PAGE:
The ripening period was comparable with the best we have experienced in our 35 years of growing grapes in the region.
The 2022 vintage is now safely tucked away in the Pig in the House winery.
The growing season presented numerous challenging moments, with above average rainfall during October and November.
Owner and vigneron Jason O’Dea reported, “given the wet conditions, the window for actually getting tractors on the vineyard during the critical flowering period was extremely narrow.
“We only had eight days during November that were dry enough, so it was important to go hard when conditions were suitable.”
Following an even fruit set it became apparent that downy mildew damage to the vine rachis was causing some berries to abort.
“We were pleased with the fruit set and then, as it warmed up, we observed significant rachis scaring. This caused the loss of up to 20 percent of the bunches in the most affected varieties.’’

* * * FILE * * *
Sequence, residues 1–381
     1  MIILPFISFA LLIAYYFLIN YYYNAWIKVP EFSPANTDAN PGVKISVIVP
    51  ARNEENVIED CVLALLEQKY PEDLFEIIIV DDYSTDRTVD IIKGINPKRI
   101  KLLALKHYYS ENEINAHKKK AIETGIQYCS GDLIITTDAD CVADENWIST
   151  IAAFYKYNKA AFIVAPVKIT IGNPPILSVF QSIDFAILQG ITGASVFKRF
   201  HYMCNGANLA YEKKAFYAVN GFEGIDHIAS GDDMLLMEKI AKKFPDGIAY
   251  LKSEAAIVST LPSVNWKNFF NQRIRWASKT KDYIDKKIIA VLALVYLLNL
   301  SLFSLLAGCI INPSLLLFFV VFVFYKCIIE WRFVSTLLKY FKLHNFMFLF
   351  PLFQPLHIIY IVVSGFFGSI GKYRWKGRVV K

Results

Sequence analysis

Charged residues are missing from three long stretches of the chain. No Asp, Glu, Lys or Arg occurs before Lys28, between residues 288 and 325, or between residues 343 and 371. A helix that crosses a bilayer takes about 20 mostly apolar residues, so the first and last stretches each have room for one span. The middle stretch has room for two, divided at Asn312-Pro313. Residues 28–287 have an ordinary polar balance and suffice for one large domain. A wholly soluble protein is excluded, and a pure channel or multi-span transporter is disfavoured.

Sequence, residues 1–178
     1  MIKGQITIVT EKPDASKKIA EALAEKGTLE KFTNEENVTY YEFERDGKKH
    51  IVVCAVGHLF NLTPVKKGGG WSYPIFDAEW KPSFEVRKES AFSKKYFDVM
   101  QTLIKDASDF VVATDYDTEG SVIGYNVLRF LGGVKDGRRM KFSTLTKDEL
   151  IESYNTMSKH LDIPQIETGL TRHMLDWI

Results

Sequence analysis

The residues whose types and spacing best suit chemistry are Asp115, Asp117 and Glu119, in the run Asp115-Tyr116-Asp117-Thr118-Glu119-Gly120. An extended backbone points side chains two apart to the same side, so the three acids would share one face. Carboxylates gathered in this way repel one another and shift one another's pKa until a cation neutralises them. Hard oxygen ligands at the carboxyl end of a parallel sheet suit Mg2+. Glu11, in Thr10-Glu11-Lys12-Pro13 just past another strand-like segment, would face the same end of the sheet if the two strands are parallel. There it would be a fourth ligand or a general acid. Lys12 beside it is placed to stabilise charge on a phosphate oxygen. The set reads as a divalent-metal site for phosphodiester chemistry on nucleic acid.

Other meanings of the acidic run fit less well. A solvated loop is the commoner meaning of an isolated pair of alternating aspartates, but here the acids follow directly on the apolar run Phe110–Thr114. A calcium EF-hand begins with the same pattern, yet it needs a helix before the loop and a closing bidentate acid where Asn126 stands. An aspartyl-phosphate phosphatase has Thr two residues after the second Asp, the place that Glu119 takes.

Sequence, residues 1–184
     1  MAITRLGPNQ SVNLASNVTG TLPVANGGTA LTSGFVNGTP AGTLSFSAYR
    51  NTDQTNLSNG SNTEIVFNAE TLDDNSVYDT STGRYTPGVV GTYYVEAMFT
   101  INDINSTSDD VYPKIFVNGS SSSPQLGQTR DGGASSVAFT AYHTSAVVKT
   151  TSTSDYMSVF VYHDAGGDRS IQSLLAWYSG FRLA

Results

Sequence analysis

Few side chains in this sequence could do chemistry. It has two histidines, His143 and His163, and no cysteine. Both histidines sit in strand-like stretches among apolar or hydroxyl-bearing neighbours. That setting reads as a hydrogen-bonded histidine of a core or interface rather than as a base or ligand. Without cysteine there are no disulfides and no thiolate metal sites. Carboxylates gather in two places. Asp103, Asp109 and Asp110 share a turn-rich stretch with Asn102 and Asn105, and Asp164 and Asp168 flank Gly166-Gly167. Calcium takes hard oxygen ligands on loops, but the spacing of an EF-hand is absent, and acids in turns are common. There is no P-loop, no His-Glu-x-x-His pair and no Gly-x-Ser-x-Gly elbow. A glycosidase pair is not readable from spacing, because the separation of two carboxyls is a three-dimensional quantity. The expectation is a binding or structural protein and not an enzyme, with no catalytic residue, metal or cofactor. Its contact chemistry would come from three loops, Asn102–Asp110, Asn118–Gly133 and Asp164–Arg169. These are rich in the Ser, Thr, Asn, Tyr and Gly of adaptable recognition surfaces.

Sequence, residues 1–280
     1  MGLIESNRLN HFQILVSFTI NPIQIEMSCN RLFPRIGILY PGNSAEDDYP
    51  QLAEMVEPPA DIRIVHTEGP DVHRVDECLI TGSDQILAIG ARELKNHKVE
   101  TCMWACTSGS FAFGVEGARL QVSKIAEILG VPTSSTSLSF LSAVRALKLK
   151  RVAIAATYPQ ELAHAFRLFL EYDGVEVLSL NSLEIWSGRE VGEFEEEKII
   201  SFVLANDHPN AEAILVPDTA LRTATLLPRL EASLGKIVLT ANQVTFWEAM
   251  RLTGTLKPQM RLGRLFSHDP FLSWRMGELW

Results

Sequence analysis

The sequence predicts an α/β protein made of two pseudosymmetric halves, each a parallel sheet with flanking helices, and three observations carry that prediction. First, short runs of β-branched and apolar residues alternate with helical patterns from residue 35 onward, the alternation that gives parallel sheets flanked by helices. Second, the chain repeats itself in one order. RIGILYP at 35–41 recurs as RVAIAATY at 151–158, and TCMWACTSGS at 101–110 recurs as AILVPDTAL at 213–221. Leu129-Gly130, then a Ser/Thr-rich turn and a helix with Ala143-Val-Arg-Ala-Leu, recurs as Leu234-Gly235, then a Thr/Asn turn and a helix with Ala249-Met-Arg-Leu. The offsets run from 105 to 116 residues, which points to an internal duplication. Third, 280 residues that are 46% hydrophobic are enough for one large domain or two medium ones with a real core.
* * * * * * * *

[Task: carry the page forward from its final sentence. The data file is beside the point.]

The cool and wet conditions continued through to veraison which was two weeks behind average. The ripening period however, was comparable with the best we have experienced in our 35 years of growing grapes in the region.
Cool conditions coupled with only 25mm of rain during February and March allowed for great flavour development across all varieties.
Pit in the House winemaker Anthony D’Onise said, “like everyone in the industry, finding the right staff to help and the threat of covid derailing the vintage was an ongoing challenge. We were one of the lucky ones, having an excellent team for vintage 22 which allowed us to get the fruit into the winery in pristine condition.
“The long, cooler finish to the season ensured that the quality is some of the best we have ever seen. It’s exciting to see how the wines are developing in the winery.”